Saturday, October 15, 2016

Vacation! -- Day 353

I'm on vacation.

"Perception is reality" and "Perspective matters" are my two favorite things to say. I actually tried to track down the origins of these quotes, and they seem to have just grown out of the distillation of longer quotes and ideas from a bunch of different people. So pretend it was Abraham Lincoln or Ghandi, depending on your own philosophical leanings. It's not like it matters who said it, or whether you believe it. These are the words that I have discovered are the most true for me and my life.

When I say, "I'm on vacation" it creates a new perspective on the current situation in my life. I'm taking the time that I have right now to relax, think, write a little, and spend time with people that I care about. Resting is one of the most important things that a person can do for health and well-being, but we feel like we have to somehow earn the right to rest. This can be a dangerous opinion, because what if you never feel like you've earned it? What if you never feel good enough?

I'm on vacation.

I don't really have a job, right now. At least not in the strictest sense of the "earning income" definition. I have lots of "things that I have to do that I don't want to" and "things that are expected of me to contribute to the well-being of the family unit" but nothing that I'm going to be putting on a resume. These are just part of this grander project called Life.

People get hung up on the semantics of their own personal worldview. I understand where it comes from, because I lived that way for most of my life. The need to define terms becomes important to ensure proper communication, but sometimes we get so bogged down in the minutiae of definitions that we lose sight of the bigger picture, the IDEA that was trying to be communicated. When I say that I don't have a job, the understanding is that I don't have an employer that is paying me for my time and skills. I am not part of the the commerce of this project called Life.

The danger of this particular worldview for me is that everything becomes a transaction. I want to eat, so I need food. In order to get food, I need money. In order to get money, I need a job. Work = eat. I was raised to believe that a person that does not work, should not be allowed to eat because of 2 Thessalonians 3:10. This is a misquote as it actually says a person that is UNWILLING to work, should not be allowed to eat, but as with a lot of popular Bible verses, it has been twisted to punish behavior deemed undesirable by the church. From this we have created the "Puritan work ethic" which is beneficial to an employer, but can create an internal pressure that leads to stress and anxiety in some to make sure that they are always "working." The concept of Rest is lost, gobbled up in the dread of becoming a devil's workshop.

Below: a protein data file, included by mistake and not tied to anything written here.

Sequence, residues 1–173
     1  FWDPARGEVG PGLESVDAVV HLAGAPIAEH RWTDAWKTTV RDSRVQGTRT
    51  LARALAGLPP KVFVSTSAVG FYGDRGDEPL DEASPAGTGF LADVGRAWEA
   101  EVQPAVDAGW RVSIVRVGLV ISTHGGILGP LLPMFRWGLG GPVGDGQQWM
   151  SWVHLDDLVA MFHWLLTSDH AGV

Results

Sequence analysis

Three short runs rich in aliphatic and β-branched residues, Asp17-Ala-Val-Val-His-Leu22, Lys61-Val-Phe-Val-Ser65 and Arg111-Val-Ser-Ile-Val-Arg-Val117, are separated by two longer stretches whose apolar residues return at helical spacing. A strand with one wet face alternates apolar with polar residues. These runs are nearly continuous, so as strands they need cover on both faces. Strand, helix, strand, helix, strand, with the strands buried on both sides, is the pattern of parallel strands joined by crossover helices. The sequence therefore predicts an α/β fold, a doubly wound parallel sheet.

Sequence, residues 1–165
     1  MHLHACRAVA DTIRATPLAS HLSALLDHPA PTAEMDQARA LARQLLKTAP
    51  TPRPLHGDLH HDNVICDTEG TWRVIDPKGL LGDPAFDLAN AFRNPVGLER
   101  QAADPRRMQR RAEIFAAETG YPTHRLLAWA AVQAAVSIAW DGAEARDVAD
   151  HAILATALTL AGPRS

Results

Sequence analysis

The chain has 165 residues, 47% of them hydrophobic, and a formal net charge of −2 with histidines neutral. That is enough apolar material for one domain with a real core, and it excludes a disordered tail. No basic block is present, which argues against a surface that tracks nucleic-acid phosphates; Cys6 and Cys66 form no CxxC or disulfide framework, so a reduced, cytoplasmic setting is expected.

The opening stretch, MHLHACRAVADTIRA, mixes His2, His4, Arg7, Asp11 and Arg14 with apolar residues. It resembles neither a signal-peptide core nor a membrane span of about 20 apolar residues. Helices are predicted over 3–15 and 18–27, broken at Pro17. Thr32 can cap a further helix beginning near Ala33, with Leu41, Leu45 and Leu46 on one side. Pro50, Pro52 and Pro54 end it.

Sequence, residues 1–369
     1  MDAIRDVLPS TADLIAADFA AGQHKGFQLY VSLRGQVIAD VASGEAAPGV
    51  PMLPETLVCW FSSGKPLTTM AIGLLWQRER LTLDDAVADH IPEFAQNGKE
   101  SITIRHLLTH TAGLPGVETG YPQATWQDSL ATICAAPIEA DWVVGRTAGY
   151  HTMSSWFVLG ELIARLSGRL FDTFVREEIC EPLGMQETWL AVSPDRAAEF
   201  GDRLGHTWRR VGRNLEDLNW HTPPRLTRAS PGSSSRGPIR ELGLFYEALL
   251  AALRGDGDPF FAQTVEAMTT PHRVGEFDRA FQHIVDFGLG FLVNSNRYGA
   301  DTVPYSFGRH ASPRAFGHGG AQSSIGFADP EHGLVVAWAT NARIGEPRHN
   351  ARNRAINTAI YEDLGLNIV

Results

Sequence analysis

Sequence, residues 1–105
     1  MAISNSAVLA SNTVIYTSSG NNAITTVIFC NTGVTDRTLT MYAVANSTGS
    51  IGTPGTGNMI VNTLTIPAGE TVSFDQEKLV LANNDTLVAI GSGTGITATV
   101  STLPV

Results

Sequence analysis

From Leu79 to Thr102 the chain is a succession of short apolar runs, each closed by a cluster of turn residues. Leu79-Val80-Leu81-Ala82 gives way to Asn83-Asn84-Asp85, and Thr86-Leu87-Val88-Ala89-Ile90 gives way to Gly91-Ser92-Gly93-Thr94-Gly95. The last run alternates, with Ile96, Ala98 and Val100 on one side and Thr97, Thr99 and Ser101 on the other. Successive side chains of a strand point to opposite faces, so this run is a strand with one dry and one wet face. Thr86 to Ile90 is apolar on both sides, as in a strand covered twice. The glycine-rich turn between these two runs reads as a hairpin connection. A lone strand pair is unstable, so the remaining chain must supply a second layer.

I submit to you that the idea of "working" means different things to different people. We are all doing things on a daily basis that affect our world. The interactions that you have with people, the words that you speak into their lives, the love that you share -- these are all important things that are produced by you, just by you being you. You matter, you're good enough, and the world is a better place with you in it.

How many times have you heard, "If you find something you love to do, you will never work a day in your life" or somesuch? This used to inspire me, because I used to love to do lots of things. I loved sports, and music, and art, and making friends. The older I got, the less likely it was for me to be able to make money doing any of those things, and it was frustrating. Some of the things that I loved to do stopped being fun when they became monetized. The pressure of doing this fun thing became a job, and that sucked the fun out of it.

This left me in a predicament: How am I going to be rich, if I can't make lots of money? How am I ever going to be able to go on a vacation?

The revelation for me was that it's all perspective. I discovered that I didn't really want to be "rich" in the sense of having a lot of money. What I wanted was to be "happy" and there is all the difference. Now, instead of making decisions based on what is going to make me the most money, I look for what is going to make me the most happy. The difference is amazing, and has provided me with more "wealth" than I thought I would ever have. One way that I've heard it put is, "The secret to having it all is realizing that you already do."

And now I'm on vacation.

1 comment:

  1. Best post! Well said. The concepts of wealth and richness are not always defined or measured by money.